- The name, address, and taxpayer identification number (“TIN”) of each full time employee during the calendar year and the months, if any, during which the employee was covered under an eligible employer-sponsored plan.
- Name and EIN of other ALE Members in the Aggregated ALE Group, if applicable.
- Whether any safe harbors apply, and documentation confirming such, if applicable.
- Whether any transition relief applies, and which type, if applicable.
Additional information to be tracked by providers of insurance, such as employers who offer self-insured health insurance coverage.
- The name, address, and TIN, or date of birth if a TIN is not available, of the primary insured person (called the “responsible individual”).
- The name and TIN, or date of birth if a TIN is not available, of each individual who is covered under the policy or program of insurance (called a “covered individual”).
- For each covered individual, the calendar months for which the individual was enrolled in coverage and entitled to receive benefits for at least one day during the month.
- Type of health insurance coverage provided to the primary policy holder and covered individuals, by month. Particularly important is the source of insurance provided for a particular employee – whether coverage was provided through employer-sponsored coverage, a multi-employer plan, or some other source.
Step 2: Prepare to Report Early in 2016.
Prepare to report early in 2016. Information must be organized by the end of January and ready to report early in 2016. ALEs will gather the required information, complete the forms accordingly, furnish to employees, and file with the IRS. ALEs and providers of insurance may furnish form 1095-B or 1095-C and an employee’s form W-2 together in the same mailing to an employee. The February 1, 2016 deadline to furnish statements to employees is intended to provide employees sufficient time to accurately file their income tax returns for the 2015 calendar year. Note ALEs with non-calendar year health insurance plans must comply with the same filing and furnishing timeframes.
Electronic Filing and Furnishing.
- Electronic Filing. Electronic filing with the IRS is required for ALEs filing at least 250 informational returns with the IRS (forms 1095-C). Electronic filing also is required by providers of insurance filing at least 250 informational returns (forms 1095-B). Note that the applicable transmittal form, (form 1094-B or form 1094-C), is not treated as a separate return from its associated forms 1095, but must be electronically filed in the same form and manner required by the IRS when the forms 1095 are electronically filed.
- Authoritative Transmittal. In general, each ALE that is a member of an Aggregated ALE Group must file separate information returns, and furnish separate employee statements from the other ALE Members of the Aggregated ALE Group. ALE Members that are part of an Aggregated ALE Group may, however, facilitate the filing of returns and the furnishing of employee statements on behalf of one or more of the other ALE Members of the Aggregated ALE Group. Each other ALE Member of the group, for example, could have the ALE Member that operates the employer-sponsored plan facilitate the filing of its returns with the IRS and the furnishing of its employee statements on its behalf (but, importantly, each ALE Member still remains responsible for its own filing and furnishing obligations). In addition, if more than one transmittal is filed for an ALE Member, such as an ALE with multiple divisions that wants to report separately by division, there must be one authoritative transmittal (form 1094-C) reporting aggregate employer-level data for all full time employees of the ALE Member.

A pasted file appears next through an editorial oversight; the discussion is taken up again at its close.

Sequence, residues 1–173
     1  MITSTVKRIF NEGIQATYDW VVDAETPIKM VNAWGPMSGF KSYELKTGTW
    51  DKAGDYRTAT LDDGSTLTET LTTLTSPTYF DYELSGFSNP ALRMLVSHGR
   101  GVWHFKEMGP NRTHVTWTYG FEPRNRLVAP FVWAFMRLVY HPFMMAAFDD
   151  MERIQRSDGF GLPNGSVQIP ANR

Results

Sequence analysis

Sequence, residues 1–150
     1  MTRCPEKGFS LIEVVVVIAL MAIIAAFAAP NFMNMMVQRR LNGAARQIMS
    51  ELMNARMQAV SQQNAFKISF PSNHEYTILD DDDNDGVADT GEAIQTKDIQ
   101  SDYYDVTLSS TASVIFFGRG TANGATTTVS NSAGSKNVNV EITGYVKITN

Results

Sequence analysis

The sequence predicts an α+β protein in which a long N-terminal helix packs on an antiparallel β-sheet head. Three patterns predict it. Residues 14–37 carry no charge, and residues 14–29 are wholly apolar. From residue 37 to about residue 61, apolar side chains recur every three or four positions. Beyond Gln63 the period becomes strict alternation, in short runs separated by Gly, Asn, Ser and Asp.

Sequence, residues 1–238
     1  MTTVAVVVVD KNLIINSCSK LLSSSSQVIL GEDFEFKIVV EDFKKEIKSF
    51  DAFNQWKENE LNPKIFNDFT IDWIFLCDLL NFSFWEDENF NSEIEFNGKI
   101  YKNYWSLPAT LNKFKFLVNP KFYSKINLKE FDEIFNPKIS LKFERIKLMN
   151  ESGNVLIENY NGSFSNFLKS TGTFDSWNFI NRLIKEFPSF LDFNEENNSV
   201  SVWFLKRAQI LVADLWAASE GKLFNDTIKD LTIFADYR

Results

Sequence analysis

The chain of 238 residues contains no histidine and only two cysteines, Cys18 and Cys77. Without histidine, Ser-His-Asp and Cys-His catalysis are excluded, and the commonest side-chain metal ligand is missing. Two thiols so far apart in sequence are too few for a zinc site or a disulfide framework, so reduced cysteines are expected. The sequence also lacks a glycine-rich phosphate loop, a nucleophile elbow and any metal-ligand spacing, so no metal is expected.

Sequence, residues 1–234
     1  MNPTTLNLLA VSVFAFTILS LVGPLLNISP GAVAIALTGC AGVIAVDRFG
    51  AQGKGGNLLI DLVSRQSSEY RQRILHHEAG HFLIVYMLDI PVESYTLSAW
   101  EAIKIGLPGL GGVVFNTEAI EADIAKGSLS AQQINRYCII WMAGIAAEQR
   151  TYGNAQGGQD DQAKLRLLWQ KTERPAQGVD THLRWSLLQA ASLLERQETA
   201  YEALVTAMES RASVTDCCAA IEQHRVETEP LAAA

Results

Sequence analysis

- Electronic Furnishing of Statements to Employees. ALEs must satisfy certain rules and obtain an employee’s consent to furnish forms to employees electronically. An employer may simultaneously request an employee’s consent to furnish form W-2 and forms 1095-B/1095-C electronically; however, each form must be specifically listed in the request for consent. Moreover, it is important to note that a general consent from an employee to receive documents electronically does not establish that an employee may receive or access the ACA reporting forms electronically, nor does it certify that the employee consented to receiving the ACA forms electronically.
- Disclosure by an ALE or a Provider of Insurance Before Consent for Electronic Furnishing of Statements to Employees. An ALE or provider of insurance must provide a disclosure statement containing specific information to the recipient before obtaining his/her consent to receive electronic statements. The disclosure statement must contain each of the following disclosures: (1) A statement can be furnished on paper if the recipient does not consent to receive the form electronically; (2) the scope and duration of the recipient’s consent; (3) proper procedure for the recipient to obtain a paper copy of the form after consenting electronically and whether a request for a paper form qualifies as a withdrawal of consent; (4) terms of withdrawing consent; (5) conditions upon which the ALE or provider of insurance will stop providing forms electronically; (6) procedures for a recipient to update his/her contact information; and (7) a description of hardware and software needed to access and retain the forms and the date upon which the forms will no longer be accessible on the website, if applicable. The furnisher of a disclosure statement also must advise the recipient that the electronic statement may be required to be printed and attached to a Federal, State, or local income tax return.